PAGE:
Searching the web for information about the enigmatic Bilderberg group, I came across a website called Who Controls America? It’s a simple site to navigate: you click on ‘White House’ or ‘Wall Street’ or ‘Hollywood’ and you get a list of the main players and a big colour photo of each from the neck up. (You know where I’m going already, don’t you?) Each face is identified as belonging to a particular race or, if you prefer, heritage. At the bottom of each list is a tally of the percentage of Jewish people on that list, the percentage of Jewish people in the US population at large (2 per cent, it says), and the factor by which Jews are therefore overrepresented. On the White House list, for example, 9 out of 11 of the ‘current or former senior advisers’ to President Obama are identified as Jewish. The implication being, presumably, that this overrepresentation of this minority is evidence of a world conspiracy to shaft the goyim. Leaving that aside, however, and assuming the list doesn’t disingenuously include cleaners and tea ladies, I still found the preponderance a little surprising.
Apart from the lineage of bullocks, we don’t know anything here in Devon. We don’t even pretend to know anything. So I carried my small surprise up to London last week, to this year’s very wonderful Spectator Summer ‘At Home’ party. And at the start, while I was still sober, I brought the question up in the first conversation I had, which happened to be with Mr Con Coughlin, executive foreign editor of the Daily Telegraph.
I approached the question much as I have here, by first describing the Who Controls America? website. But Con Coughlin saw where I was coming from a country mile away. Long before I’d arrived, he was smiling sadly yet lovingly at me, and shaking his head, as though I were a close brother with a sad history of schizophrenia, who, after a long and blessed period of wellness, had suddenly started complaining again that his television was bugged by the CIA.
And then a momentary darkening of the sky made us both look up at the appearance of the kindly figure of Spectator’s drinks correspondent, Mr Bruce Anderson. I have often noticed and admired how the heavyweight London journalists refuse to bother with such bourgeois niceties as greetings, handshakes or indeed preliminaries of any kind. They treat one another as ubiquities. A new arrival not seen for weeks or months is accepted complacently, as if they are reappearing after leaving the room for a minute or two.
‘Jeremy was just asking whether the Jews ran the world,’ said Con, as Bruce ‘the Beast’ Anderson hove to, puffing slightly. ‘Oh, I wish they would!’ he said, entering in seamlessly, as though he’d been handed the question on a folded piece of paper five hours before. Satisfied by these candid reactions — and slightly disappointed that humanity is apparently more anaemic than I had hoped or imagined — I got drunk.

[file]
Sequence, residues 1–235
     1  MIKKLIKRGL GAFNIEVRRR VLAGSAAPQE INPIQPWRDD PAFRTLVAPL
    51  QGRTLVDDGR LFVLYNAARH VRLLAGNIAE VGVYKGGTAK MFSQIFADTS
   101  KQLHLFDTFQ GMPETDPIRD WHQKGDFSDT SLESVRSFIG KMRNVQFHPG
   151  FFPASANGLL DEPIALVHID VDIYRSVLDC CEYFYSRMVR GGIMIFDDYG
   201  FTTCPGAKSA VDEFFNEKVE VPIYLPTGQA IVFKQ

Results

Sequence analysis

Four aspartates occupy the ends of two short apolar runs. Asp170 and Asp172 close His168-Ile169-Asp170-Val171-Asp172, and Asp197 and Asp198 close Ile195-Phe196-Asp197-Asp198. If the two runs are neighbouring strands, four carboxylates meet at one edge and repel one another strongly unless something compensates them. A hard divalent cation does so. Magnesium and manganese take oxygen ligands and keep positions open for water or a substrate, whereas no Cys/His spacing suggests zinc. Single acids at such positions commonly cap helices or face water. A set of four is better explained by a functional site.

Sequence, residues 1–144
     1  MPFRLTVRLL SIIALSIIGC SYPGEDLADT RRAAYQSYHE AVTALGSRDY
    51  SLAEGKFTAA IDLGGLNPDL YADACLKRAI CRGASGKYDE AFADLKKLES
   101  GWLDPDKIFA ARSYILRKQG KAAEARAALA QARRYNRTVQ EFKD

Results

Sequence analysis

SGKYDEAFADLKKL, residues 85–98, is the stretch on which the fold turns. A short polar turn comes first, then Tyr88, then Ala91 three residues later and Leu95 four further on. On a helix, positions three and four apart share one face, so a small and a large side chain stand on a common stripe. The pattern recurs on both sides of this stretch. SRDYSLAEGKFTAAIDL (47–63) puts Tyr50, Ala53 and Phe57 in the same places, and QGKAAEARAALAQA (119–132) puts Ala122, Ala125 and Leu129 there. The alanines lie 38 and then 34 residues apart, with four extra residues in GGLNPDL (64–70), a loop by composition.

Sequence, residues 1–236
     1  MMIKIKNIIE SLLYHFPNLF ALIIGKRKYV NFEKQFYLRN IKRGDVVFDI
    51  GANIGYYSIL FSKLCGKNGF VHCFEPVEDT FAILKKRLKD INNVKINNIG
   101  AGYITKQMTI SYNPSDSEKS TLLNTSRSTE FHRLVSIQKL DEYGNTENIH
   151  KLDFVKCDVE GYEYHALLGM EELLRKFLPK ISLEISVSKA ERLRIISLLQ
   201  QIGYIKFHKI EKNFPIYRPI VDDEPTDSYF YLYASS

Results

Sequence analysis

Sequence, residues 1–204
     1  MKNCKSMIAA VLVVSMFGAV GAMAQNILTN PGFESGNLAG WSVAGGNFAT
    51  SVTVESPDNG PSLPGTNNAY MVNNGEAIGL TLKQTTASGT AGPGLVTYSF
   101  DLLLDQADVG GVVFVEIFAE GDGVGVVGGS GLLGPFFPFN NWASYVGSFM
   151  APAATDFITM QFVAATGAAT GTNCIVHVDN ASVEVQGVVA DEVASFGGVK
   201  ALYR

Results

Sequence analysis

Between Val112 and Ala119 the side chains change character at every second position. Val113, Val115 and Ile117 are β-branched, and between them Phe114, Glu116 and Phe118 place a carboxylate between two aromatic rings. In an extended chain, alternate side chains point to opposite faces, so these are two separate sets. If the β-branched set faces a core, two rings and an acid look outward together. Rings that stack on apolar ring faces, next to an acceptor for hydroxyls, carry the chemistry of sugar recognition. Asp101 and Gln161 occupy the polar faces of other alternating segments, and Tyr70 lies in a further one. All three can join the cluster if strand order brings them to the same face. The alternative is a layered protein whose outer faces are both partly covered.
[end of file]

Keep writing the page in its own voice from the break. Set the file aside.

The party was tremendous, like going to heaven. Everyone in our part of the garden was so singular and friendly, and every conversation so witty or somehow engaging, emigration to other parts wasn’t straightforward, and I relapsed into parochialism. Our bower had its own little bar, which I had patronised also last year, that is until I passed out under a nearby bush. It was the same barman. He greeted me with something approaching love and thereafter took it as both a personal and professional failure if he spotted that my tall drink — Gawd knows what he put in it — was ever less than spilling out all over the place.
And it was here (to my profoundest regret afterwards) that I broke my promise to myself not to bore anyone with my news. Coming up on the train I’d had a strong word with myself not to mention it at all costs. Vain hope. Sober I can be a model of modesty, propriety and restraint. Drunk: not so much. All too predictably there came a point in the evening when someone said, ‘How are you?’ and I replied, ‘I’ve got fucking cancer.’ I have. Prostate and spreading. Two, maybe three lymph nodes. They are going to try to zap it. It might be possible to keep it at bay for a few years yet, they say. But please. The Spectator Summer party?
And now that all sense of decorum had deserted me, I started telling everyone — friends, strangers, even the barman. First I told it bitterly, then boastfully, then hilariously. Come the end I was using it as a chat-up line. And though horribly ashamed the next day, I also felt somehow differently about my carcinoma, and inexplicably better for having told it. But it was the wrong place. And so is this! I shan’t mention it here again. I promise.